How many coronavirus cases are in the UK – and where are they?

As the coronavirus pandemic continues to sweep across Europe, the UK has seen thousands of confirmed cases.

Covid-19 first reached our shores in late January, cases have been on the rise since late February and the first death was recorded on March 5.

Tens of thousands of people in the UK have been tested for coronavirus, and the government have now put in place a strict lockdown in an attempt to deal with the pandemic.

Every area of the UK has been affected, with London warned it will face the biggest peak.

The Telegraph’s map below plots where all official cases of coronavirus have been confirmed in the UK. It is sourced from Public Health England announcements and will be updated regularly based on trustworthy data.

The number of cases officially confirmed by daily government updates in the UK hit 17,312 on Saturday 28 March. 1,019 people have died.

Public Health England are now releasing a daily update on how many confirmed cases of coronavirus there are in each English county.

Type in your postcode in the tool below to find out how many cases there have been in your local area.

Professor Chris Whitty, the chief medical officer for England, said the NHS would cope with a major spread of cases but could come under “very high pressure” in a large epidemic.

But he said if the UK sees a very large epidemic, “then it will put very high pressure on the NHS” and there could be “several weeks which could be very difficult” for the health service and wider society.

NHS staff have already taken to wearing bin bags because protective equipment is in short supply.

Earlier this week, the Health Secretary Matt Hancock announced the launch of a UK army of 250,000 volunteers in the fight against coronavirus.

Mr Hancock said 35,000 extra NHS staff, including medical students and retired doctors, have already joined the national effort to combat the spread of the virus.

Boris Johnson has placed the UK on a police-enforced lockdown with drastic new measures in the fight against the coronavirus outbreak.

The Prime Minister ordered people only to leave their homes under a list of “very limited purposes”, banned public gatherings of more than two people and ordered the closure of non-essential shops.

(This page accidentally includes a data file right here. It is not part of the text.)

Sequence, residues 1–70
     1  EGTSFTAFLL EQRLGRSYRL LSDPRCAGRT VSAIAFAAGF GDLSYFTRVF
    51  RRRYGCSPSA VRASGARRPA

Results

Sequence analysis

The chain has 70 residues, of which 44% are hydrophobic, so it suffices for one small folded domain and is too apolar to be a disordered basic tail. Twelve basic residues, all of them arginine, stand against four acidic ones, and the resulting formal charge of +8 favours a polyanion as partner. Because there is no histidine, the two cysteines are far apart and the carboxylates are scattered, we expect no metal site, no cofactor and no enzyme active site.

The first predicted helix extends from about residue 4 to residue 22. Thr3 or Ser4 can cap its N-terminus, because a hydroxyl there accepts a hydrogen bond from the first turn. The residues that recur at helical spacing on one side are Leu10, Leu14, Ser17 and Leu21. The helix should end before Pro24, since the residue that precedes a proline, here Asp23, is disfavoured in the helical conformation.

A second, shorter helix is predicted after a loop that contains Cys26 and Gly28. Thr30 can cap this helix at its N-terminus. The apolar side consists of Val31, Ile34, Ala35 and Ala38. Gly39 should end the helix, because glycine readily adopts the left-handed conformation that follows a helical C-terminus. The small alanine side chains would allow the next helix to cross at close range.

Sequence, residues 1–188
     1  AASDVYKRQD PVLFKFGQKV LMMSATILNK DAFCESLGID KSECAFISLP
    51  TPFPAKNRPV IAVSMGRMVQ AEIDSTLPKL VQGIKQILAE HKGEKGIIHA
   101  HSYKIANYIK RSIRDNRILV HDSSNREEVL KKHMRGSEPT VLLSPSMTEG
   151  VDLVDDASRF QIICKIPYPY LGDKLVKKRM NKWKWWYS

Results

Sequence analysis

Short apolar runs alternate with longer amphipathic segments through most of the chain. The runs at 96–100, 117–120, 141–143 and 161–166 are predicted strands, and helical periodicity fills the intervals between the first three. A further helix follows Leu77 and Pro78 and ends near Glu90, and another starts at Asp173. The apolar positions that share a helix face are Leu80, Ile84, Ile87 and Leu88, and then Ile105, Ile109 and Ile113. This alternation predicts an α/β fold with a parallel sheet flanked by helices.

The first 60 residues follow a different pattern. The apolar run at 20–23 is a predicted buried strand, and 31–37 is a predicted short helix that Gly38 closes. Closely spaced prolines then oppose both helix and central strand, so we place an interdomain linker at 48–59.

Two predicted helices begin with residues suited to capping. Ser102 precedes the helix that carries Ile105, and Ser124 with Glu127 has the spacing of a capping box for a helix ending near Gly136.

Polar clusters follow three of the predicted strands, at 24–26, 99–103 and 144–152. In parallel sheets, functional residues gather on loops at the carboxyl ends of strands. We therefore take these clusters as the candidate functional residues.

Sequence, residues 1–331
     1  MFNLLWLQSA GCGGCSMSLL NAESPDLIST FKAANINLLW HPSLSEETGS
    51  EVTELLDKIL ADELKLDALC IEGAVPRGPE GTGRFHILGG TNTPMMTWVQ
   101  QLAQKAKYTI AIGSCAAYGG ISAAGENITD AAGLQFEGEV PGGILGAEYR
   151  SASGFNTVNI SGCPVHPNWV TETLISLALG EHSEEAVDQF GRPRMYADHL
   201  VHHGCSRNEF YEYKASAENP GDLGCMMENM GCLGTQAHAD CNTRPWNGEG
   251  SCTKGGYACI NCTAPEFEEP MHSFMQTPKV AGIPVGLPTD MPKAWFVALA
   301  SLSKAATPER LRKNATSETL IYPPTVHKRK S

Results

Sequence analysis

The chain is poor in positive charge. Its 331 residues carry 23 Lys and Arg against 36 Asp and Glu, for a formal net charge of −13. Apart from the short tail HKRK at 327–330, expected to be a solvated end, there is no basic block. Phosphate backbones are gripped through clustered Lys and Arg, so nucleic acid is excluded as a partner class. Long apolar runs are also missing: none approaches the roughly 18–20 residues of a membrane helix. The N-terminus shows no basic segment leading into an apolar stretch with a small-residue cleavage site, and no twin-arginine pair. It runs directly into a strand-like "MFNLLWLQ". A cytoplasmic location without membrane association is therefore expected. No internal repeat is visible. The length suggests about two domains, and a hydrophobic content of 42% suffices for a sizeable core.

Every citizen must comply with these new measures and the relevant authorities, including the police, will be given the powers to enforce them through fines and dispersing gatherings.

These measures are effective immediately. The Government will look again at these measures after three weeks, and relax them if the evidence shows this is possible.

At the end of December, the Chinese authorities sent out a public alert warning that a “pneumonia of unknown cause” had been identified in Wuhan, central China.

Some 10 days later, on Jan 7, scientists announced that a new coronavirus was the source of the outbreak – quickly adding that it did not appear to be spreading between humans. 

At that point, fewer than 60 cases had been found. But now the virus, which has since been named Covid-19, has spread to well over 100 countries, infecting more than 662,000 people and killing more than 30,000. Scientists believe that the virus has mutated into two strains: the older ‘S-type’ appears to be milder and less infectious, while the ‘L-type’ which emerged later, spreads quickly and currently accounts for around 70 per cent of cases. 

This map, which updates automatically, shows where the disease is now, how many cases there have been and how many people have died: 


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